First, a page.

Spark plug

Device that generates sparks in internal combustion engines / From Wikipedia, the free encyclopedia

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A spark plug (sometimes, in British English, a sparking plug,[1] and, colloquially, a plug) is a device for delivering electric current from an ignition system to the combustion chamber of a spark-ignition engine to ignite the compressed fuel/air mixture by an electric spark, while containing combustion pressure within the engine. A spark plug has a metal threaded shell, electrically isolated from a central electrode by a ceramic insulator. The central electrode, which may contain a resistor, is connected by a heavily insulated wire to the output terminal of an ignition coil or magneto. The spark plug's metal shell is screwed into the engine's cylinder head and thus electrically grounded. The central electrode protrudes through the porcelain insulator into the combustion chamber, forming one or more spark gaps between the inner end of the central electrode and usually one or more protuberances or structures attached to the inner end of the threaded shell and designated the side, earth, or ground electrode(s).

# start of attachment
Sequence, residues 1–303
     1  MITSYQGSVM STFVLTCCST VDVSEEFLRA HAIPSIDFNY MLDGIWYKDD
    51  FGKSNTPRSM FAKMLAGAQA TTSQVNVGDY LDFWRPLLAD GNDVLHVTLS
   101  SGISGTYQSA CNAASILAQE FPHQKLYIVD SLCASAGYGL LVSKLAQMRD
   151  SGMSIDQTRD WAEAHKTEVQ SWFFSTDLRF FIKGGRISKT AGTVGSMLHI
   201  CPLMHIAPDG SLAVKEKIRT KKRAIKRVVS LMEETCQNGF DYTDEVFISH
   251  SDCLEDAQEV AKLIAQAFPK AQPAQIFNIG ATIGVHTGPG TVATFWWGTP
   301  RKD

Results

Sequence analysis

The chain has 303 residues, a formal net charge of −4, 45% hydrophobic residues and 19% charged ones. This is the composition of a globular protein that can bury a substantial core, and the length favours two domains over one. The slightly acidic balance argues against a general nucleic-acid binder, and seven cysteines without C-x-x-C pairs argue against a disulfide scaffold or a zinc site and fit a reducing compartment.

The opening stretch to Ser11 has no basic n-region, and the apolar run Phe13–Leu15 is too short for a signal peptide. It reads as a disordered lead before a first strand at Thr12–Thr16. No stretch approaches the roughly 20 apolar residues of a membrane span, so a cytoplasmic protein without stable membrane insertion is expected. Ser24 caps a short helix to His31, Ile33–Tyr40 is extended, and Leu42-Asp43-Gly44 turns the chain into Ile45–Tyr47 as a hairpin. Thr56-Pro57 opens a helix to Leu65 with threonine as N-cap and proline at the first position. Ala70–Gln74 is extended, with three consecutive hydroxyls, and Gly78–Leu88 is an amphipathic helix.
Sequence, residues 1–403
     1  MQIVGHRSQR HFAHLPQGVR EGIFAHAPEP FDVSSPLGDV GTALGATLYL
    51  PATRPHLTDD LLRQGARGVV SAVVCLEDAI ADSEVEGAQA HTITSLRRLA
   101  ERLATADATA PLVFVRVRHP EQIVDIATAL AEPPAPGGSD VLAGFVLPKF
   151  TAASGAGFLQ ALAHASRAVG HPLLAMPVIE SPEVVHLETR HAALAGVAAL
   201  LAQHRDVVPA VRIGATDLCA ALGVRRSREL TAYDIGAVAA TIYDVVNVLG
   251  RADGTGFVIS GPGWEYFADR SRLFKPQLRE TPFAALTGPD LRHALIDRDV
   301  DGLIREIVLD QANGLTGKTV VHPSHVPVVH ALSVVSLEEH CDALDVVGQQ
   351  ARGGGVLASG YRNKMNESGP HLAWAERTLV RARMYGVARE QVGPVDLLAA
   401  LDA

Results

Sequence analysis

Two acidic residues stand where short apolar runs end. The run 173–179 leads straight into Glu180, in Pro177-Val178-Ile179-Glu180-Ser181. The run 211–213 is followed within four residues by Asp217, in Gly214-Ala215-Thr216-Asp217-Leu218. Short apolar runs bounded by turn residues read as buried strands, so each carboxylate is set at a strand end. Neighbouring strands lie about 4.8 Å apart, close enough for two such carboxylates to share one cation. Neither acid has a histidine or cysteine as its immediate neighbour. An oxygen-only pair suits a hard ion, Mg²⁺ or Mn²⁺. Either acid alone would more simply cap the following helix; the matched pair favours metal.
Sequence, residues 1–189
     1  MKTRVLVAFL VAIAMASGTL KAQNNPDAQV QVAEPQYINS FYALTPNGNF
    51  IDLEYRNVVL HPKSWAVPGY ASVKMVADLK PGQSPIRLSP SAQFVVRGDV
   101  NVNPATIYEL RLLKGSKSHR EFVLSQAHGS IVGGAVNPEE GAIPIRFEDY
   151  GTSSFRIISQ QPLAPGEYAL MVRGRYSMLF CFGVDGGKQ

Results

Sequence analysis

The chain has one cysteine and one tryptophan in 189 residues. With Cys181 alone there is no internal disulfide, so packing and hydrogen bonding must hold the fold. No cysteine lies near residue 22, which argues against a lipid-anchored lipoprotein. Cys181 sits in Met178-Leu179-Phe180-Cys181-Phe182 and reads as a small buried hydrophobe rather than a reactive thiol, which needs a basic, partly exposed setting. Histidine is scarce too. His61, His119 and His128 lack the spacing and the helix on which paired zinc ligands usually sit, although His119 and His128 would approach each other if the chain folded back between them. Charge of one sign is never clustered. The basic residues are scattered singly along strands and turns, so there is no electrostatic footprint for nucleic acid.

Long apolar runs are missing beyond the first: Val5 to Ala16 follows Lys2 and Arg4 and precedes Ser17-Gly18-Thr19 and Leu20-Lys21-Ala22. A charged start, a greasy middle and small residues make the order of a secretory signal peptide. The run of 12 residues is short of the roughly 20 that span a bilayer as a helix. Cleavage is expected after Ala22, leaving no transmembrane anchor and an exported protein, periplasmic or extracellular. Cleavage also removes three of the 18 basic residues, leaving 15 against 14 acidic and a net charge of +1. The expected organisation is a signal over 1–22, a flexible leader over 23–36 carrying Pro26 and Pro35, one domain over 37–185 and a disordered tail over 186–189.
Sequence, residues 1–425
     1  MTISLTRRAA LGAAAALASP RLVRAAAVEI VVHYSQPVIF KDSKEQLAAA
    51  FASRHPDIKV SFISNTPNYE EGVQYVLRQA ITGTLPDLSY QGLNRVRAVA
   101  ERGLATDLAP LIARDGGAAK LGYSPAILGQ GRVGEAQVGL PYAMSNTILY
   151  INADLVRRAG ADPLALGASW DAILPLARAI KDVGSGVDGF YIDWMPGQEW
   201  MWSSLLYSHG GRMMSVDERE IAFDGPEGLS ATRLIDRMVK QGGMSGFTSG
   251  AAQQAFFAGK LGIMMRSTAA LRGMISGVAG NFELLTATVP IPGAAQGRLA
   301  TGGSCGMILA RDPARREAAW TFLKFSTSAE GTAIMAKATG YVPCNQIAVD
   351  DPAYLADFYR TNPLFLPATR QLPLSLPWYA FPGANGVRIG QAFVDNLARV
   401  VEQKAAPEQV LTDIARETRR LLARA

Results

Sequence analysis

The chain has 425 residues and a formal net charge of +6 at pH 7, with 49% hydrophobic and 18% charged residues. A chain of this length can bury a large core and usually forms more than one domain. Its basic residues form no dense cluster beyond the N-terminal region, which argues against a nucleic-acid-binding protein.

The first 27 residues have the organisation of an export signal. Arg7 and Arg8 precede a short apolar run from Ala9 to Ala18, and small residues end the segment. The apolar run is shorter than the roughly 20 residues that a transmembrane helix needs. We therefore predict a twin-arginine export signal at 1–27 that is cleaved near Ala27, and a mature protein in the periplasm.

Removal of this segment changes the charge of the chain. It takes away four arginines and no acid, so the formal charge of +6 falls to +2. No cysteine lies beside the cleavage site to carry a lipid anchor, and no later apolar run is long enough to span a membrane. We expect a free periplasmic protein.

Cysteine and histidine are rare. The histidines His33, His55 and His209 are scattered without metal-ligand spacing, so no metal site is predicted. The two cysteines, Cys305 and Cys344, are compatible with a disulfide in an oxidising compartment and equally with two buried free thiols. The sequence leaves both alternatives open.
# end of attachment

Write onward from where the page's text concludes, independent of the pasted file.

Several sizes of spark plug (electrodes at the bottom)
Spark plug operation (the red/yellow star near the end of phase 2) in a four-stroke engine

Spark plugs may also be used for other purposes; in Saab Direct Ignition when they are not firing, spark plugs are used to measure ionization in the cylinders – this ionic current measurement is used to replace the ordinary cam phase sensor, knock sensor and misfire measurement function.[2] Spark plugs may also be used in other applications such as furnaces wherein a combustible fuel/air mixture must be ignited. In this case, they are sometimes referred to as flame igniters.[citation needed]